Well, we learn a bit more about Ignacio, but hardly enough before the faceless enemy attacks once again.
Episode summary: Ignacio beats some sense into Kal, but Isla’s under attack again. Like before, Leopold wants to send the students out on a dangerous mission, but Sonia quits the military and takes most of the children with her. Kal, Noriaki, and Benjamin, however, volunteer to fight much to the girls’ dismay. Ignacio returns to be Kal’s partner, and the episode ends in the middle of a major battle.
• In a flashback, Ignacio tells us how he and his mother were kicked out of the palace as the Wind Revolution drew near. You could say it was a blessing in disguise though. Who knows how the revolutionaries would’ve felt toward the king’s concubine and his illegitimate son. They might have gotten some flack, i.e. guilty by association. After all, a lot of people apparently wanted Kal murdered too, but our deposed prince only made it out alive thanks to one man’s mercy. Ignacio might not have fared as well. No, I’m not saying Ignacio should thank his lucky stars that his own father abandoned him and his mother. His early life definitely sucked. But all things considered, it could’ve been a lot worse. He could be dead. Yeah, his mom died shortly after their exile from the palace, but I doubt she would’ve survived the storming of the palace anyway.
• Ignacio: “Whenever we ran out of food, my mother would leave, late at night, returning with food in the morning.” Hint: prostitution. I mean, she’s even half-undressed and bathing in the river. The implication is that she had just committed a dirty deed. Still, I like the restraint here from the writer(s). The anime’s not completely spelling it out for us, and not only that, the animators didn’t feel compelled to show her completely naked. We’re not skeeving on some destitute woman just because anime fans need something to fap to. Had she been a young shoujo though, all bets are off.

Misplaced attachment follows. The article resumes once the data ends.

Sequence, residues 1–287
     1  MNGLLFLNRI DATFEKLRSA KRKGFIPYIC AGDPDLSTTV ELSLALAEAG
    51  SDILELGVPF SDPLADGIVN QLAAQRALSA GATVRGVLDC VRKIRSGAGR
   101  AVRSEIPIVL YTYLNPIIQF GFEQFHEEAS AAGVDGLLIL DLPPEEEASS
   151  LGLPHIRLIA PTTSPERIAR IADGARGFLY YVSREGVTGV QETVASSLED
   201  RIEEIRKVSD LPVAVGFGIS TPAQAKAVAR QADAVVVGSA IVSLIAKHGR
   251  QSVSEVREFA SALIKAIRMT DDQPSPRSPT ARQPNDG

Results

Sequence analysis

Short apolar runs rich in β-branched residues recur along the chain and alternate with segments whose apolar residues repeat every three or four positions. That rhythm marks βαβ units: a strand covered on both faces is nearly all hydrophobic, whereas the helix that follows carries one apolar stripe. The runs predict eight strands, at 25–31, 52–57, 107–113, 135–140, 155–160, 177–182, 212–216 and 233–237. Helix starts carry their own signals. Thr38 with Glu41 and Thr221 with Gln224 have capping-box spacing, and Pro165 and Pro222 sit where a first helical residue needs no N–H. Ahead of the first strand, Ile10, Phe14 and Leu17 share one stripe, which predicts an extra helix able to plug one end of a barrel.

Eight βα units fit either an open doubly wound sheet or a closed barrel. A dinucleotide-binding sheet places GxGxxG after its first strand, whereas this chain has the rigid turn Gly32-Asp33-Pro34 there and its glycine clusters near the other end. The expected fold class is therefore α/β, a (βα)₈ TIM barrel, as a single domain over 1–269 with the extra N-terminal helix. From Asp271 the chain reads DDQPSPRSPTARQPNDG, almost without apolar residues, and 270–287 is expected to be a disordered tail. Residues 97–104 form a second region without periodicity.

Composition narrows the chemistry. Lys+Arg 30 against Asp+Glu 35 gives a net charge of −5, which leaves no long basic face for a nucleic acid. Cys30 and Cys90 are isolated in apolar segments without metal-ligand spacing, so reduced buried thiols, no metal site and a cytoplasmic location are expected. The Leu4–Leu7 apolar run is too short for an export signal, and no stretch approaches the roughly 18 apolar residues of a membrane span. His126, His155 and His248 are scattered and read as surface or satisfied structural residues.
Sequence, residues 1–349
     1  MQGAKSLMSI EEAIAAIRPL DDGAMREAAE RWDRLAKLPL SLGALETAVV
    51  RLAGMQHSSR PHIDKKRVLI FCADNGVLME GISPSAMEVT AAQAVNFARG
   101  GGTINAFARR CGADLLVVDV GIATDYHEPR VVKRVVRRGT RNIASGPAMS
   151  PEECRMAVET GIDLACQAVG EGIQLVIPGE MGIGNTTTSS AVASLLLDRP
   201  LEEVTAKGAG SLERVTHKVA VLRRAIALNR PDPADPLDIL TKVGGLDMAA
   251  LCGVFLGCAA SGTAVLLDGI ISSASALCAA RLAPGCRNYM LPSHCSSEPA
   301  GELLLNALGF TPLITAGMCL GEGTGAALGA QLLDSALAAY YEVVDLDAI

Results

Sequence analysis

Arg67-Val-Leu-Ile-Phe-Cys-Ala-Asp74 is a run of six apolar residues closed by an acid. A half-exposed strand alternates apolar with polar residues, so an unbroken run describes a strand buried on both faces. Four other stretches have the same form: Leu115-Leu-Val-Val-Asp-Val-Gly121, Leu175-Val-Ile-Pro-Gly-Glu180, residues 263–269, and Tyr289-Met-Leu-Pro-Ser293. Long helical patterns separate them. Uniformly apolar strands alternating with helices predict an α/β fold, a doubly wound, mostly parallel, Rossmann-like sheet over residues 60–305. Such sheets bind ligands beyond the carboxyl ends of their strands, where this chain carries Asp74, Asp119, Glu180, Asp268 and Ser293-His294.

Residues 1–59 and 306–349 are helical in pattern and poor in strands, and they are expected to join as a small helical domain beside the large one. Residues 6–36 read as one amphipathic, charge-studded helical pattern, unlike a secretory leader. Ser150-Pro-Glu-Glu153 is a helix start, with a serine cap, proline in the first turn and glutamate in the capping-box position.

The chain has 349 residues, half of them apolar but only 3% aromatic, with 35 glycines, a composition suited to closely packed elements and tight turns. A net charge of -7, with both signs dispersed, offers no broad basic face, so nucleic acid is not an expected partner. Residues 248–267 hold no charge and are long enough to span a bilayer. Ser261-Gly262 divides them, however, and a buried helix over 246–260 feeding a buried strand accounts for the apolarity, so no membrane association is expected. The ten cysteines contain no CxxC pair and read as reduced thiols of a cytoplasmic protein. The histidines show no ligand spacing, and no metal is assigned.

• Sharon says, “But you know, guys sometimes do things that don’t make any sense.” Thanks for the casual sexism, lady. She then adds, “I’m sure that there are times when they have to do that.” Do what? Hit each other? Over a girl? I’ve never hit anyone in my life.
• As he’s knocking Kal around, Ignacio taunts, “Ariel and Nina have far more guts than you. They’re doing their jobs, as best as they can.” I know this is supposed to be straight out of the school of hard knocks or something, but puh-lease. There’s nothing gutsy about what Nina has been doing, i.e. following orders that have already been laid out for her. Nina didn’t even once question whether or not she should give a bullshit speech to her people. After all, Isla’s leaders don’t even know if the End of the Sky even exists. It’s just a supposition based on the fact that the Holy Spring exists. Meanwhile, Nina’s people are suffering because of this pilgrimage. Her classmates continue to go on dangerous missions because Leopold is unwilling to risk the lives of his own men. Yet despite all of this, Nina didn’t once consider whether or not Isla should turn itself around and head home. She just did whatever Luis de Alarcon asked her to do. Yes, I understand that she’s depressed right now. I understand that she’s distraught over the loss of her classmates as well as her relationship with Kal. But we’re talking about guts. And while I pity the girl for her circumstances, there is nothing gutsy about what she did in last week’s episode. She was merely being someone else’s pawn.
• Ignacio then accuses Kal of “stealing Claire’s dreams of flying from her.” Talk about dramatic. I think considering everything that we’ve just seen, merely saying the following would’ve been more than enough: “It’s because of you that she will never realize her dreams of flying!” Instead, the dialogue goes for too much, which ends up taking me as a viewer out of the moment because I can’t help but laugh at how overly dramatic Ignacio’s being. Kal stole it from her? Stole? C’mon, dude.